Congratulations to Lynne Viti!
Our very own Lynne Viti was recently named the first Poet Laureat of Westwood! Below is a poem she wrote about our St. John's church bell when it was out of commission for repair. Please read more about Lynne's accomplishments and her new role in this article from the Westwood Minute HERE.
The bell had been there forever, it seemed.
We came to the church with our children
after years of childless freedom—sleeping in
reading the thick Sunday paper,
drinking café au lait from bowls made by potter-friends.
Sundays then were for museum-going
brunches with mimosas
omelets filling elegant white plates
walks around the reservoir.
The gray clapboard church was nothing
like the stone edifices of our childhoods,
when pews were stuffed with families
the men lining the aisles, holding their hats.
By the time we prodigals returned
we felt we had stumbled onto a forgotten ritual.
You could always get a seat.
White-robed teenagers, tasked with pulling
the fat white rope each Sunday morning,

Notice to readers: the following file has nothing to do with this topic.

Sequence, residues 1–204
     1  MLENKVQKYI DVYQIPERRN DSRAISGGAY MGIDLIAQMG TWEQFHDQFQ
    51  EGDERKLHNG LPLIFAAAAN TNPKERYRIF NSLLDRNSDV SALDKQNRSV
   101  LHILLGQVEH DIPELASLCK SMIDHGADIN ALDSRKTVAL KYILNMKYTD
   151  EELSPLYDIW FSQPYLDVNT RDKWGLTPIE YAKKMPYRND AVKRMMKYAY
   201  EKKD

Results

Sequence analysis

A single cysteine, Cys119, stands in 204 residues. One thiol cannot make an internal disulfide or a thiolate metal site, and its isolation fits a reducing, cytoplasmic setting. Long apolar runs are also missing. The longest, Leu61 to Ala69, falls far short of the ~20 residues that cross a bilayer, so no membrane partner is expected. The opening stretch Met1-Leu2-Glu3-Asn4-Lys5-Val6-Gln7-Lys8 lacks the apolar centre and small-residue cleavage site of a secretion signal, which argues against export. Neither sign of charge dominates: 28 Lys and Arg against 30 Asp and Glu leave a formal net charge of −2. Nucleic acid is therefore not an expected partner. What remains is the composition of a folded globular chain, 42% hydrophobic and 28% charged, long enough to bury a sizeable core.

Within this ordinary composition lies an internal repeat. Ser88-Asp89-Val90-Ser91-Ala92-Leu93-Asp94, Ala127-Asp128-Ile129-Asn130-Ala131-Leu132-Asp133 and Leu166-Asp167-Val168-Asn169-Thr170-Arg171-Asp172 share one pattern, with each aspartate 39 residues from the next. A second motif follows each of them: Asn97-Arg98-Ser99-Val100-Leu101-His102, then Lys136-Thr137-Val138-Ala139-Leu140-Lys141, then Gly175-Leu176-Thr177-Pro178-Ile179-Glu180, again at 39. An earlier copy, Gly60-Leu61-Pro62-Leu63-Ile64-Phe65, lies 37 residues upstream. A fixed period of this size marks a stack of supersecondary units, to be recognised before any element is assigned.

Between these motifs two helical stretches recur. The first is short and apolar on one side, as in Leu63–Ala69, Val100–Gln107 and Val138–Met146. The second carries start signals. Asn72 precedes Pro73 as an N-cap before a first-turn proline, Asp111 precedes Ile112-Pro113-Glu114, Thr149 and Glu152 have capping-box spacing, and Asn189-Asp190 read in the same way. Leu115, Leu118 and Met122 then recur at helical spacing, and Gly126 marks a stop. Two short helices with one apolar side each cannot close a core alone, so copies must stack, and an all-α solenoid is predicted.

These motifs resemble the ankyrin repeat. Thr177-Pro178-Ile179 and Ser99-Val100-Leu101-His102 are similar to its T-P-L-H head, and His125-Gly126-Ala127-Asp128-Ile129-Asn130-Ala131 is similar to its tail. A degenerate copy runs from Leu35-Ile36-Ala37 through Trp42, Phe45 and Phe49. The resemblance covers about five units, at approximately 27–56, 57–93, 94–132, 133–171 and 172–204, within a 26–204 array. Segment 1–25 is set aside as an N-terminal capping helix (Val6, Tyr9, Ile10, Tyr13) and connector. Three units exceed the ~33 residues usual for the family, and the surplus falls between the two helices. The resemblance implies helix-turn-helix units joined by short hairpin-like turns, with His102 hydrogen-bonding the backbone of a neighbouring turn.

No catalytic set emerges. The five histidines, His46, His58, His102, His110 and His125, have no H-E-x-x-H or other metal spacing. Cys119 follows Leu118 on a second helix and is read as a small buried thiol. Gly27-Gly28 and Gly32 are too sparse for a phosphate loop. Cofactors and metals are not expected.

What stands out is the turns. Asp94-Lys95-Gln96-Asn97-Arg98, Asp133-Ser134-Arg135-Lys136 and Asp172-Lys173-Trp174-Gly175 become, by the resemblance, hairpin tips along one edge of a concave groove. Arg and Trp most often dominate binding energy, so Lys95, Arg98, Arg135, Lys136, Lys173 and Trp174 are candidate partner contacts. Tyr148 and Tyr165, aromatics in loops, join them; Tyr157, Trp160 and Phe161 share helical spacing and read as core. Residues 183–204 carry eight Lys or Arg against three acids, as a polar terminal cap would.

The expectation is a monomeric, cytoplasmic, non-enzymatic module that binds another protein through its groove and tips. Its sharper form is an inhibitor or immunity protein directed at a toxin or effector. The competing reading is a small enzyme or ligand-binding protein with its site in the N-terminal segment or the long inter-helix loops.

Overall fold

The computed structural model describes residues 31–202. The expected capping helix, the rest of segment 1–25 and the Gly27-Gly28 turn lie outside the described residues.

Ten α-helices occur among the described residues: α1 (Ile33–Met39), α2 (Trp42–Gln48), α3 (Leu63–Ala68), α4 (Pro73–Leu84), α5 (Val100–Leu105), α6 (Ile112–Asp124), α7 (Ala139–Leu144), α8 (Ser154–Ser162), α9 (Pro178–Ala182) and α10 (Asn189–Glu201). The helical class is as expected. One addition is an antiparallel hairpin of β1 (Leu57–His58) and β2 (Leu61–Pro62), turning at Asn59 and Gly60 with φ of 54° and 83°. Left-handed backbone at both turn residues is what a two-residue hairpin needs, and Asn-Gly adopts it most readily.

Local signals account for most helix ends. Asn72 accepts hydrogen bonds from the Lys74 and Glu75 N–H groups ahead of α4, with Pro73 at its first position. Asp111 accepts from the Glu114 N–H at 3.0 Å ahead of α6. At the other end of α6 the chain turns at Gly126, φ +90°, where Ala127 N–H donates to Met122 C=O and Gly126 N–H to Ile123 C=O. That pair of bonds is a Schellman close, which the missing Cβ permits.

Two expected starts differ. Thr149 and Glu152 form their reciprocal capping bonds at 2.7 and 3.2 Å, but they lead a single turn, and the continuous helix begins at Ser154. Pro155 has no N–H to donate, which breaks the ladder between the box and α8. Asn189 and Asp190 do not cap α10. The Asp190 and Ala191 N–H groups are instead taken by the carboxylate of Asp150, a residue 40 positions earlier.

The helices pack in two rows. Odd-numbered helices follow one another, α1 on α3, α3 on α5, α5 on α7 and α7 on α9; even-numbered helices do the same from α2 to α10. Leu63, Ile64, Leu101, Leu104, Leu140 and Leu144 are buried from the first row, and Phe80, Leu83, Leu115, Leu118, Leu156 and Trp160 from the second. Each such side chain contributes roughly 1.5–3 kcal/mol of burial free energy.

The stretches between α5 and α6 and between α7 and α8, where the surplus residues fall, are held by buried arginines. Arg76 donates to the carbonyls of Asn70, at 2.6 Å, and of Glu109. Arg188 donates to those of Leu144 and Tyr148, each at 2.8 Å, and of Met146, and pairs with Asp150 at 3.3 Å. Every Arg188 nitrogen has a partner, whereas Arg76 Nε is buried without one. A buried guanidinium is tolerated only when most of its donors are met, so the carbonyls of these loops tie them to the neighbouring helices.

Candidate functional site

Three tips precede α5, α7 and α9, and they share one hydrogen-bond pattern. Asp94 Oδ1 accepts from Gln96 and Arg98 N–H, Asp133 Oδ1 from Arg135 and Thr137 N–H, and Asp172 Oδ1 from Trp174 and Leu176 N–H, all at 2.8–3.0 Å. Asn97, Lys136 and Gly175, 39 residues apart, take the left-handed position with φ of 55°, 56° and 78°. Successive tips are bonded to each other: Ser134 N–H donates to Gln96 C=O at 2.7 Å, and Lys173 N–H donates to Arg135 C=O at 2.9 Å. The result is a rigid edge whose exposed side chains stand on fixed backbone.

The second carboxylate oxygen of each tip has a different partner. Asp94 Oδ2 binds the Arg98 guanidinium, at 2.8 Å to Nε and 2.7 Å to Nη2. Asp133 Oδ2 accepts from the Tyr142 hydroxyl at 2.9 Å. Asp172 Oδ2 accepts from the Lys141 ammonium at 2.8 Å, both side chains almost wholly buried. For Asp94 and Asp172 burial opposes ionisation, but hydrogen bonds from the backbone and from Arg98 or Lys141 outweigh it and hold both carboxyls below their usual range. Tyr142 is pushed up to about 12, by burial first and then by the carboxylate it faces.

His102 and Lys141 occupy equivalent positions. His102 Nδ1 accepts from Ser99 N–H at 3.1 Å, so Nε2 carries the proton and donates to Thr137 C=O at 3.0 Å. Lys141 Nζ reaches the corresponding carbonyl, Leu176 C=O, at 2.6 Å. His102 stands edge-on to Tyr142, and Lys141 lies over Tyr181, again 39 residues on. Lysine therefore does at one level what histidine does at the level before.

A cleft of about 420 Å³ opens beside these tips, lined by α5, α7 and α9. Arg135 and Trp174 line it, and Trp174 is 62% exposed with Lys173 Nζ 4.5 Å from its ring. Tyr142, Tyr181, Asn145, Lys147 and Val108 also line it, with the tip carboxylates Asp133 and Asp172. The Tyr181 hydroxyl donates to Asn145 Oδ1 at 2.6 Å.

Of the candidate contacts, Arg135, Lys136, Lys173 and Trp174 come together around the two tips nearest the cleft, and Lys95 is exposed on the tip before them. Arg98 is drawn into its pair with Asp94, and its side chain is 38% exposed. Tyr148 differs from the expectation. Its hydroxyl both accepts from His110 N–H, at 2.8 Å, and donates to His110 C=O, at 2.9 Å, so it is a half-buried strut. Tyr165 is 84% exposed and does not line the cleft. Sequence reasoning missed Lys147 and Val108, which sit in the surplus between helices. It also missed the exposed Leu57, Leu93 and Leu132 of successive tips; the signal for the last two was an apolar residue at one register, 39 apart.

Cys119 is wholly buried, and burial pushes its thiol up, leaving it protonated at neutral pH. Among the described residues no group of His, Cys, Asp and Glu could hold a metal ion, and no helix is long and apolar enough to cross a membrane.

were lifted on tiptoe, pulled by the heavy bell.
Once, the smallest boy went aloft for a second.
Now the bell tower's closed for business, its bell silent.
Rotted window frames, sagging beams
wait for the engineer’s report.
No peals disturb neighbors on the street
where the church stands, unremarkable, plain,
against a backdrop of pines and oaks.
This sixty-year-old bell used to strike ten times—
a call to worship, a wedding. On the mornings
of the death ritual it rang the ancient tones
three times three strokes for a man
three times two for a woman.
Sliding into a pew this winter morning
we hear the near-absence of sound
maybe the rustle of a choir robe, a cough
the accidental slam of the door
as a latecomer slips in.
If it has a soul, the bell
must be bursting with the long wait
its peals constrained. It’s an unnatural quiet—
the bell’s barrel still, ear asleep, tongue tied.
Published in Mountain Gazette, 2016
Campanology is the art or skill of ringing church bells
Poet Laureate of Westwood, Massachusetts